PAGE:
The London Motor Volunteer Corps has for its purpose the assistance of soldiers arriving in London on their return from the trenches, and protects them from being preyed upon by the unscrupulous. The London Motor Volunteer Corps meets all night trains and welcomes returning sailors and soldiers, who are taken to their destinations in motor transports or to shelters provided by the Y.M.C.A., the Church of England and the Catholic Church, where they are cared for during the night. The same work is to be done for American soldiers and it is hoped to raise funds for as many busses as possible, each costing $1,700, to be grouped in units of six, each unit to be marked "The American Squadron."
The American Auxiliary of the Women's National Health Association of Ireland has its headquarters in New York, No. 10 East 43rd St. The Marchioness of Aberdeen and Temair, president, and Miss Marie E . Keating,secretary. The Association was formed in 1907 to promote health and happiness in the homes of Ireland, and especially to combat tuberculosis and infant mortality. For the purpose of promoting the child welfare work of the Association in this country the following ladies are cooperating: Mrs. Joseph H. Choate, Mrs. James W. Wadsworth, Jr., Mrs. William Seward Webb, Mrs. John Hays Hammond, Mrs. Richard C. Cabot, and Mrs. Willard D. Straight.
The Scottish Highlanders Relief Association of Highland Societies in Edinburgh has its American headquarters at 360 Madison Avenue, New York City, and the organization has the hearty support of the Saint Andrews' Society of New York and its officials. The Fund has been formed for providing comforts for the men of the Highlands Scottish Regiments, for training disabled soldiers of these regiments, to fit them for agricultural and other pursuits. The Association has helped to establish a farm colony in the North of Scotland, where disabled men of the Highland Regiments, returning from the front, are provided, not only with a home but with necessary instructions to enable them later to become self-supporting. The Association also seeks to relieve distress among the families of the soldiers.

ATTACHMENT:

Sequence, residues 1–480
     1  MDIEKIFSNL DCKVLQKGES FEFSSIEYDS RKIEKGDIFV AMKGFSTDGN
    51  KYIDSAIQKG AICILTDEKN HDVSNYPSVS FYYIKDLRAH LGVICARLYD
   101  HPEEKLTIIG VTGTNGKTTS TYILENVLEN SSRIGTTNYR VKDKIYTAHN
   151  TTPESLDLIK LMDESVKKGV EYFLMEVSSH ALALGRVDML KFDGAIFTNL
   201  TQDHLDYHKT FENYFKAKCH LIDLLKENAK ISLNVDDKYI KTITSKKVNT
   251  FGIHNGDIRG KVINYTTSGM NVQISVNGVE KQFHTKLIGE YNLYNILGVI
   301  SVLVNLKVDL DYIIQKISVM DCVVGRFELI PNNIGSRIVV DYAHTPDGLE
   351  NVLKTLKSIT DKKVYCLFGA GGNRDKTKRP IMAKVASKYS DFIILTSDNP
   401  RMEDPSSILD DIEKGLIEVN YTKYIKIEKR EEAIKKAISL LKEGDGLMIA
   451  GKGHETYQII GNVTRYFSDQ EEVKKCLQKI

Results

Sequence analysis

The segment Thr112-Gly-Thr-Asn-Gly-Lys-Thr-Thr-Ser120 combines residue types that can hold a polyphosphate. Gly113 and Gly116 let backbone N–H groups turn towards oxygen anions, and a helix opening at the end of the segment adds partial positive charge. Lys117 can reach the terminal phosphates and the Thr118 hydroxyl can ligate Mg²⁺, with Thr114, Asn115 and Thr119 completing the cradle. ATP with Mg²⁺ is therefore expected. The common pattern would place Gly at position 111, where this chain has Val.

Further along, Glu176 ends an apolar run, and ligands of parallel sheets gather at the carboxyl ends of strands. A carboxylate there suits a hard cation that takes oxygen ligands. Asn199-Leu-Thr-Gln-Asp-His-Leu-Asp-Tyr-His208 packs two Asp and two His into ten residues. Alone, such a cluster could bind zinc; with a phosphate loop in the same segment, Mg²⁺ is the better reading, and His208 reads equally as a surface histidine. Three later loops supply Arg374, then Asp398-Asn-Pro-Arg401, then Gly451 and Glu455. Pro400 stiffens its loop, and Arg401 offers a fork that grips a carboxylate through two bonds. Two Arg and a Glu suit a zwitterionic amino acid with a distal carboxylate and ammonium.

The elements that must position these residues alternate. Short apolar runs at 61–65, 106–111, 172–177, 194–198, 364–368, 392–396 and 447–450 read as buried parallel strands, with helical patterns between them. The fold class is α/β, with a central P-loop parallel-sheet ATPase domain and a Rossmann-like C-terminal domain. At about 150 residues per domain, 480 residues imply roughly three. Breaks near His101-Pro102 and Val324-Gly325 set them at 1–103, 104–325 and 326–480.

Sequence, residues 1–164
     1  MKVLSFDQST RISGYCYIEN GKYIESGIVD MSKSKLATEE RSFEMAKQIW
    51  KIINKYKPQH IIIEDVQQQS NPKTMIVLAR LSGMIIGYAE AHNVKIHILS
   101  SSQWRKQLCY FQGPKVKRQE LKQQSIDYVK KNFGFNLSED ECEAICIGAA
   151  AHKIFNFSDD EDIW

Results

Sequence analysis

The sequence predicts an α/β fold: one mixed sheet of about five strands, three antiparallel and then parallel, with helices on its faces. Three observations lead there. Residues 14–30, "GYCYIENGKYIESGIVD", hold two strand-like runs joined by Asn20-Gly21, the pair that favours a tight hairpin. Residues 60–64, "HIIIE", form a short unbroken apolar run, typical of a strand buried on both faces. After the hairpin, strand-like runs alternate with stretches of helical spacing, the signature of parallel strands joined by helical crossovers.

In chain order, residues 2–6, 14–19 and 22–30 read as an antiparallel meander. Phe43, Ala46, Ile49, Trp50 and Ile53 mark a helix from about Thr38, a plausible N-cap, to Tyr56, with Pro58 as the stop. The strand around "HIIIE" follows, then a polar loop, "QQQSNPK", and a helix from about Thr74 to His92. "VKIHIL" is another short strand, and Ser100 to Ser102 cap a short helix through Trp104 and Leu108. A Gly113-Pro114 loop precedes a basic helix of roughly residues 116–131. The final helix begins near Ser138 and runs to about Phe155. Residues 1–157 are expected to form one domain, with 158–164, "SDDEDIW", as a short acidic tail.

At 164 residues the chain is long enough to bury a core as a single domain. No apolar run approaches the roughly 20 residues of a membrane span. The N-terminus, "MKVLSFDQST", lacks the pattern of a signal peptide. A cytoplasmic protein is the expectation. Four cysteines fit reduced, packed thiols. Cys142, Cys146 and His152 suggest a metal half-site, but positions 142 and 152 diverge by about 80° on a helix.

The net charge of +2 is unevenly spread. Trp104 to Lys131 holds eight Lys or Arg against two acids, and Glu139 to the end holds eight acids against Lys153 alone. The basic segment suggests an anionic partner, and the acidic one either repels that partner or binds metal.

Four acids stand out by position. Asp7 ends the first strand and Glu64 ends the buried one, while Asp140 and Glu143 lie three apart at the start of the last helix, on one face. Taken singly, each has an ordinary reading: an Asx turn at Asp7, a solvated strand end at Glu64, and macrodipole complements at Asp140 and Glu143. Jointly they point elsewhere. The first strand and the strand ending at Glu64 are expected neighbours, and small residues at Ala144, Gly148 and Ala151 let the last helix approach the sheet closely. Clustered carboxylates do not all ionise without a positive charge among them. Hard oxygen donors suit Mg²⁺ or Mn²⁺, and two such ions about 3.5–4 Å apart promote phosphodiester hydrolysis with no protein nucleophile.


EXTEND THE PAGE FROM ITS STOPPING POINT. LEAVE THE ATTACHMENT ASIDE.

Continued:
The Shamrock Fund originated with Mr. Goodfellow who donated a home in Dublin for the benefit of Irish soldiers disabled by the war. "Thirteen hundred of them have already come home," says the appeal. "Some have lost arms, some legs; there are men totally or partially paralyzed and many whose nerves will never recover the effects of poison gas and shell shot, to say nothing of tuberculosis and other diseases contracted in the trenches. These men can never return to their former occupations. They must be taught new trades and given a fresh start in life." The home in Dublin will accommodate 150 men and has workshops annexed in which they will be taught tailoring, boot making, carpentry, electric work, motor mechanism, shorthand, typewriting, bookkeeping, etc. As each man completes his training he will return to his own part o the country with a fresh grasp on life to carry on his trade. The Countess of Kingston. organizing this Fund in America and has offices at 9 East 58th Street, New York City. Miss Mary Dougherty. secretary.
About two-thirds of the Kingdom of Roumania has been occupied by the enemy; towns and villages have been burned, women, old men and children have been murdered. German armies have seized the food supplies of that part of Roumania within their jurisdiction and little could be done to help the unfortunates there, but many thousands fled to what is left of free Roumania, with barely clothes on their backs, and these were without shelter and without food. In order to relieve this distress as far as possible, the Roumanian Relief Committee of America was formed under the patronage of her Majesty, Queen Marie of Roumania. The funds raised in America go to the relief of both the refugees and the wounded and the sick soldiers and are expended in purchasing food, clothing and medical supplies, which the Roumanian Government will forward free of cost. Supplies are distributed under the direct authority of the Queen of Roumania, to whom all goods are consigned.
The New England-Italian War Relief Fund was organized in 1915 for relieving the distress of noncombatant Italians. A workshop has been maintained in Boston where wives of reservists have been employed in making socks and clothing for the Italian hospitals at the front, and are paid for the work they do. A stock of supplies of wool, anesthetics, etc., was sent direct to Italy. and several hundred women and children have been provided for. Approximately $45,000 was raised in less than two years, and more than 19,000 articles have been completed and forwarded to Italy. Mrs. Henry L. Mason, secretary of the fund and Mrs. George Lee, chairman.
Chapter XXXVII. Relief for Poland and Russia